Regeneration of rotator cuff tear using electrospun poly(d,l-Lactide-Co-Glycolide) scaffolds in a rabbit model

Atsuyuki Inui, Takeshi Kokubu, Yutaka Mifune, Ryosuke Sakata, Hanako Nishimoto, Kotaro Nishida, Toshihiro Akisue, Ryosuke Kuroda, Makoto Satake, Hiroaki Kaneko, Hiroyuki Fujioka
Arthroscopy 2012, 28 (12): 1790-9

PURPOSE: The purpose of this study was to evaluate an application of poly(d,l-lactide-co-glycolide) (PLG) scaffold created by electrospinning in a rabbit rotator cuff defect model.

METHODS: Forty-two Japanese white rabbits were used in this study. Defects of the infraspinatus tendon were created, and the PLG scaffolds were implanted. Contralateral infraspinatus tendons were reattached without creating defects. Histologic analyses were performed 4, 8, and 16 weeks after the operation, and mechanical evaluations were performed 0, 4, 8, and 16 weeks after the operation.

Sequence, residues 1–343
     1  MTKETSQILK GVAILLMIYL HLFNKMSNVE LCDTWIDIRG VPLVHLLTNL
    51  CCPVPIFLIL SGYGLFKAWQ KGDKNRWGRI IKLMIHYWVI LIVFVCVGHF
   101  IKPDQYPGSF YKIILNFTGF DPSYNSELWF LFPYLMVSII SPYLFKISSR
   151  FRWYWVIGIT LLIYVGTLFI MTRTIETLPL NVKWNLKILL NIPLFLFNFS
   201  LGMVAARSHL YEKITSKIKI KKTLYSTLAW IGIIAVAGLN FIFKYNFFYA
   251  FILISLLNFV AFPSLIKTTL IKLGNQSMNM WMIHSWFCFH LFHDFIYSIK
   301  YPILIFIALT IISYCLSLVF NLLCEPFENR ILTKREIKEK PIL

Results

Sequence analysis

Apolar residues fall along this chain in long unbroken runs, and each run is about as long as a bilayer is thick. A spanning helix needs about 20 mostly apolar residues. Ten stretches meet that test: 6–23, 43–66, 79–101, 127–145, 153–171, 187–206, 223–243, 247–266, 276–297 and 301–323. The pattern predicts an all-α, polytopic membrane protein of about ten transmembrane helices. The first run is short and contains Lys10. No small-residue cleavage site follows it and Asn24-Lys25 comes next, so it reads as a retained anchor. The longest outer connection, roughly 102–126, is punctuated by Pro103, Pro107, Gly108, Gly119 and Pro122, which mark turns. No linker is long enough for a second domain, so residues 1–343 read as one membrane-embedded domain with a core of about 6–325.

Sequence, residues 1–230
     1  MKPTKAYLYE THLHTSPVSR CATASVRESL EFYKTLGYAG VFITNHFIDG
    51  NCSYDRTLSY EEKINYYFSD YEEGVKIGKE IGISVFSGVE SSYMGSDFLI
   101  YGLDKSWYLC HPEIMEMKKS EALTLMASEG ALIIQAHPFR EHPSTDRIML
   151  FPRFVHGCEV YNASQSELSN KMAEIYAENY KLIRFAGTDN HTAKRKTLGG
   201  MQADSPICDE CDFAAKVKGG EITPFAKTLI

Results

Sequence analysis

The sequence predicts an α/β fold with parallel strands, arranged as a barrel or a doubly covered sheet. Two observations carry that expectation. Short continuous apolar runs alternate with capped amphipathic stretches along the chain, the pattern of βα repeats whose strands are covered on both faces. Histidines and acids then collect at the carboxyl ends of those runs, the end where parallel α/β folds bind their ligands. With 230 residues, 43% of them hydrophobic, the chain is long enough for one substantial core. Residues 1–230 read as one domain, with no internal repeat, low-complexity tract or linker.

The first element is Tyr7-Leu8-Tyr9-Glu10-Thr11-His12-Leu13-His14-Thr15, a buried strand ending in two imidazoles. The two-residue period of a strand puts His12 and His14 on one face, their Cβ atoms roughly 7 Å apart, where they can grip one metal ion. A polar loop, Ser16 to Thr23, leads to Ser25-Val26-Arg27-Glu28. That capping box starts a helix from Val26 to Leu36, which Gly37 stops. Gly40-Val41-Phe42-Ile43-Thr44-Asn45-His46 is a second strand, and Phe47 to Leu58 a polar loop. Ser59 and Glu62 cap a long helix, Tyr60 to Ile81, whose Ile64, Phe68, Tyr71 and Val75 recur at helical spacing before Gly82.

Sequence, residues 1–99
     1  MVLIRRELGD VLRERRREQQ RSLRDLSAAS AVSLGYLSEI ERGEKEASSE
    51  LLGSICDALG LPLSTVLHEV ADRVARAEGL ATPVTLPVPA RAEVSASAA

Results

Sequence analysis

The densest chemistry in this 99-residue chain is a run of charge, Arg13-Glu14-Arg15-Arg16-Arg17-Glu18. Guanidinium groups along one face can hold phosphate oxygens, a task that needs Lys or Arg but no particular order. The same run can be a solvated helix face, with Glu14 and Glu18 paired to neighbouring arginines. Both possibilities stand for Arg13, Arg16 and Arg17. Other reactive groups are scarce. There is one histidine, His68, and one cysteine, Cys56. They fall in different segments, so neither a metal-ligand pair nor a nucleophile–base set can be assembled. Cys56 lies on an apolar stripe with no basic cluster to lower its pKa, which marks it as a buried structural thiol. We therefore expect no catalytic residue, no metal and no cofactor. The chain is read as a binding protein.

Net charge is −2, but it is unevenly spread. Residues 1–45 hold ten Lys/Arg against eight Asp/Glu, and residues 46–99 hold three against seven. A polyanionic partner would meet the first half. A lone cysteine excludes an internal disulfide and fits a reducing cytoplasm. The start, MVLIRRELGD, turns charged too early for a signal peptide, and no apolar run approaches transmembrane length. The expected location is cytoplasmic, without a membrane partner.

RESULTS: Scaffold fibers remained without dissolution and spindle-shaped cells were observed inside of the scaffold at 4 weeks postoperatively. At 8 weeks, the PLG scaffold had dissolved and bone formation was observed at the scaffold-bone interface. At 16 weeks, the scaffold-bone interface matured and expression of type II collagen was observed. A statistical difference in ultimate failure load was not seen between the scaffold group and reattachment group or normal tendon after 8 weeks postoperatively. The stiffness in the scaffold group was not significantly different from that in the reattachment group at each time point. However, it was significantly weaker than normal tendon at each time point.

CONCLUSIONS: Transplantation of cell-free PLG scaffold showed cell migration and type II collagen and proteoglycan expression at the scaffold-bone junction by 16 weeks postoperatively with a sufficient ultimate failure load in a rabbit rotator cuff defect model.

CLINICAL RELEVANCE: The PLG scaffold could be applied to bridge rotator cuff defects. The results showed that bridging with scaffold can be equivalent to reattachment.

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